Two weeks ago two minor inexplicable events occurred.  The two are totally unrelated, and both probably will interest no one other than me – but as will become apparent in a moment, I needed to replace my original blog entry with something new, so here I go.

  1. I have been writing a weekly blog for exactly two years. Because the pandemic has left me largely homebound, I have fewer interesting things happening in my life. As a result, about half of my recent blogs have not been about current events, but are recollections of the past. This morning I was about to post a thirty-year old story about Taipei’s Palace Museum, when it occurred to me that I might have told the same story in a previous blog.  I quickly scrolled through my archived entries and discovered, on August 13, 2018, I’d recounted the same fond memory. This was bound to happen someday, although I did not expect it quite so soon. The surprise was not that I told the same story twice, but how closely I used the same words in the retelling. Even though I wrote two accounts almost two years apart, I unknowingly plagiarized myself a half dozen times. For example, I doubt I’ve ever used the term “convergent evolution” in any other of my writings, but I used it in both versions of the Palace Museum essay. Now I wonder whether there are certain phrases stored away in my brain just waiting for one specific moment to be used. If I accidentally deleted an entire book chapter from my computer and had to write it over from scratch, would it come out basically the same?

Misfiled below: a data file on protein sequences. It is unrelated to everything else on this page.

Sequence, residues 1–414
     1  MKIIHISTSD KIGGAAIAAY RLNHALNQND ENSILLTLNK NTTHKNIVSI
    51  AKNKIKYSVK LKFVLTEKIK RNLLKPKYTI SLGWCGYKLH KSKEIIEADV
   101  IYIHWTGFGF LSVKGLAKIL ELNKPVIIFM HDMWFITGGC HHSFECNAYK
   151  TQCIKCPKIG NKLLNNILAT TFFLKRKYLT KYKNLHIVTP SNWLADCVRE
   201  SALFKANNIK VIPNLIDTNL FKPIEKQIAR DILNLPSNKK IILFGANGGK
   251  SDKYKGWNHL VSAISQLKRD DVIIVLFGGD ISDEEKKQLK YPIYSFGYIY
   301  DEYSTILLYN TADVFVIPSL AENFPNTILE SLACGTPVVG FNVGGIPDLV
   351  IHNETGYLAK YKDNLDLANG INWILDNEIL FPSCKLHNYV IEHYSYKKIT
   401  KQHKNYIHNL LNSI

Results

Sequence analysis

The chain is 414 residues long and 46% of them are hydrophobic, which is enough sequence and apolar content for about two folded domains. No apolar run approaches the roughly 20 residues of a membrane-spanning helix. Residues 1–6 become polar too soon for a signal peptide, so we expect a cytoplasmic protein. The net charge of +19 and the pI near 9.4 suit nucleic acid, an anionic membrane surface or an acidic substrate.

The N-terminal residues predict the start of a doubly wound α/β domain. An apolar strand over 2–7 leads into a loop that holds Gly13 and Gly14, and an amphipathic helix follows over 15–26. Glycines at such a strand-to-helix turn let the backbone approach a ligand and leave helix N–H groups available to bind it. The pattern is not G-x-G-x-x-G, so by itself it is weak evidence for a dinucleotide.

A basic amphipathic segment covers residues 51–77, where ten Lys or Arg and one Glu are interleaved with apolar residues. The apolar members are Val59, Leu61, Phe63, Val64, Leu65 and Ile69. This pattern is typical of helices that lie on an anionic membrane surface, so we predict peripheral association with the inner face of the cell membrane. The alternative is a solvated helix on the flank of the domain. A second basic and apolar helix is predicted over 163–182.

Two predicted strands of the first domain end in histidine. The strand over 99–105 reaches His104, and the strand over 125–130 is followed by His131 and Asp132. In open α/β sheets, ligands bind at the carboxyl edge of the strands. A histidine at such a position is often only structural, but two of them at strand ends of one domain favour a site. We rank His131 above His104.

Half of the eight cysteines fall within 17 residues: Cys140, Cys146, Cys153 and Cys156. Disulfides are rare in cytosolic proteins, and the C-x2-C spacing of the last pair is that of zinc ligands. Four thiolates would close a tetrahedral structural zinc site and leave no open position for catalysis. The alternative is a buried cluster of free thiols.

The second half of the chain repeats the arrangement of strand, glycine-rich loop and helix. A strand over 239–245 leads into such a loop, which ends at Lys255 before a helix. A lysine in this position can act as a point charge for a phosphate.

1. When a recent cold snap ended, I went outside to lift the tarps off the plants I was trying to safeguard from frost. Some were starter plants in my garden. La Crosse is in Zone 4, and any gardener reading this will immediately feel the urge to tell me that it was too early in the season to be planting. Yes, I know, but I try to put a few things in early every year, and every year it does not work. My poor gardening practices are not the point. The point is that I had two tomato plants side by side under the exact same protective covering. When I took the tarp off, one of the plants looked as healthy as can be, whereas the other was pretty much a bare greenish stick with withered dead leaves. Maybe the healthy plant will die in a day or two, or maybe the sickly one will recover, but how could two identical plants growing side by side react so differently to the exact same conditions? 

I have long known that there are things not meant to be understood. I add these two to the list.

Steven Simpson